OKI plans new Ohio River bridge
Published: Monday, February 25, 2013
Updated: Monday, February 25, 2013 23:02
To relieve the chronic congestion in Cincinnati and Northern Kentuckty’s Brent Spence Bridge Corridor, where Interstates 71, 74 and 75 converge at the Ohio River, a new bridge will be built. The current Brent Spence Bridge has been deemed “functionally obsolete” by the National Bridge Inventory.
The Ohio, Kentucky and Indiana Regional Council of Governments (OKI) is partnering with the Ohio Department of Transportation and the Kentucky Transportation Cabinet to “unsnarl this traffic knot,” according to OKI.
The old Brent Spence Bridge would be rehabbed to relieve congestion, according to Brian Cunningham, director of communications and legislative affairs at OKI.
“The current Brent Spence Bridge was built more than 50 years ago for 80,000 cars a day, and today 172,000 cars currently cross that bridge every single day,” Steve Faulkner, press secretary for the Ohio Department of Transportation, said.
Over years of increasing traffic volume, modifications to the Brent Spence Bridge increased its capacity by removing shoulders, according to Cunningham. The top lanes, once three lanes and a shoulder, were converted into four lanes without a shoulder.
When refurbished, the old bridge’s top lanes will be reconfigured into two lanes and two shoulders, according to Faulkner.
“This bridge was built for a certain capacity once upon a time using standards that were in place once upon a time,” Faulkner said. “Standards change, needs change, populations grow and we need transportation infrastructure that meets those needs.”
He added that models project the corridor to handle up to 240,000 vehicles a day in the future.
“Everyone is aware of the importance of the replacement of the bridge,” Ken Bogard, Oxford city councilman who attended the Feb. 14 OKI meeting, said.
Cunningham said that while the Brent Spence Bridge is functionally obsolete, it is not structurally unsound. Rather, it is unsafe because of the excessive volume of traffic, resulting accidents, and the difficulty of emergency response, according to Cunningham.
A lack of shoulders makes the bridge unsafe, Bogard said. A man once exited his vehicle to help a stalled motorist and, in doing so, was struck by a vehicle and flung over the bridge, according to Bogard.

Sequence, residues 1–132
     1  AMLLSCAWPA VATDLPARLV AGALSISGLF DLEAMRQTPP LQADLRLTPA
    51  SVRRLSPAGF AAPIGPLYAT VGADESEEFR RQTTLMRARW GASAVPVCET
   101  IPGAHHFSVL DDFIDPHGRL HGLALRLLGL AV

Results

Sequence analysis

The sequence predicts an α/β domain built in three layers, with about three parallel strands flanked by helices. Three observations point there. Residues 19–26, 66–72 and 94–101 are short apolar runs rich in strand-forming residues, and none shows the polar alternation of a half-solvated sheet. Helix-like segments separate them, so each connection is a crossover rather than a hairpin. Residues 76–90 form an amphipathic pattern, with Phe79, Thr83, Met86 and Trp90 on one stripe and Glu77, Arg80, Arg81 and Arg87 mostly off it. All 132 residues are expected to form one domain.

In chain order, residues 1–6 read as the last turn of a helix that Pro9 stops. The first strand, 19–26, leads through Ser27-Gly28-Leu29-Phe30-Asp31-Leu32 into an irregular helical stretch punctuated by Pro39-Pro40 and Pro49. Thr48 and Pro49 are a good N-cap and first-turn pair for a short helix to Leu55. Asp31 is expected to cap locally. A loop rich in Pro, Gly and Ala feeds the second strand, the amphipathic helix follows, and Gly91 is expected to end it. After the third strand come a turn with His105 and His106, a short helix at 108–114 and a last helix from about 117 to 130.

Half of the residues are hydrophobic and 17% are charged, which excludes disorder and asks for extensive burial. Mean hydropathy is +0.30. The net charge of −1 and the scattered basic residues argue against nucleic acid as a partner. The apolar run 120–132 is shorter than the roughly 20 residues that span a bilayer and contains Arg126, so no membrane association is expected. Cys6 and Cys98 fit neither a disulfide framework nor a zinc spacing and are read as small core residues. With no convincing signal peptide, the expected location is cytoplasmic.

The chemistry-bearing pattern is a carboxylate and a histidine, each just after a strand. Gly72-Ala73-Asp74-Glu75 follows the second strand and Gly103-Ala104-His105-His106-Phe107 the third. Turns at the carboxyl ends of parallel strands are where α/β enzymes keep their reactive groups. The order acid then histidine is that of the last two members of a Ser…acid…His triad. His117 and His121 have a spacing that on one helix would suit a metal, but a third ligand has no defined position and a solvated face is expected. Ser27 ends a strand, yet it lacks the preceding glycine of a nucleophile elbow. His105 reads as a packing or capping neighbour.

About $417 billion in freight travels through the corridor yearly, according to Bogard.
“For a bridge that carries 4 percent of the nation’s GDP every year, at the confluence of I-71 and I-75, that’s huge,” Faulkner said.
Bogard added that while the rebuilt corridor will be only eight miles long, it is the lynchpin that connects commerce across 10 states, from Michigan to Florida. The bridge is the critical passage along this 2,160 mile corridor.
The structure’s importance and current state of disrepair have officials looking to fast-track a new construction project, according to Bogard. Financing is hoped to be in place for construction to begin in 2015, he said.
According to Bogard, the new bridge will initially cost $2.7 billion, though he said he expects the final cost to rise to $3 billion, due to cost overruns.
“If we wait until 2018 to begin, and complete construction in 2022 that will cost $500 million more,” Bogard said.
“The funding will come from both Ohio and Kentucky’s departments of transportation, whose dollars are allocated from the Federal Government,” Cunningham said.
Generally, 80 percent of such projects are funded federally with the remaining 20 percent being local match, according to Cunningham. Though the exact breakdown is unknown, Cunningham said this roughly 20 percent will arrive by tolls, bond issues and public-private partnerships.
“Right now, we don’t know how much Ohio, Kentucky and the federal government can bring to the table,” Faulkner said. “We’re trying to identify the smallest amount possible that needs financed then paid back with toll money over time.”
When a bridge links two states, the biggest question is how to divide the cost.
“I’m not sure of the exact split,” Cunningham said, “but it’s an eight mile project involving I-75 south of the river and north of the river. I’d say it’s roughly 53 [percent in Kentucky]/47 [percent in Ohio].”
Cunningham stressed that financing is still being worked out.
Public support is currently very much in favor of the project. According to OKI, of 2,600 respondents to an American Automobile Association survey of the tri-state region, more than 90 percent are in favor of building a new bridge.
With more than 60 percent who said they feel the bridge is unsafe and 67 percent believing new infrastructure will improve the regional economy, only 48 percent of respondents support tolls as a funding source, according to OKI.
Bogard said that unlike Ohio and Indiana, Kentucky has yet to pass legislation to support the construction of a new bridge, according to Bogard.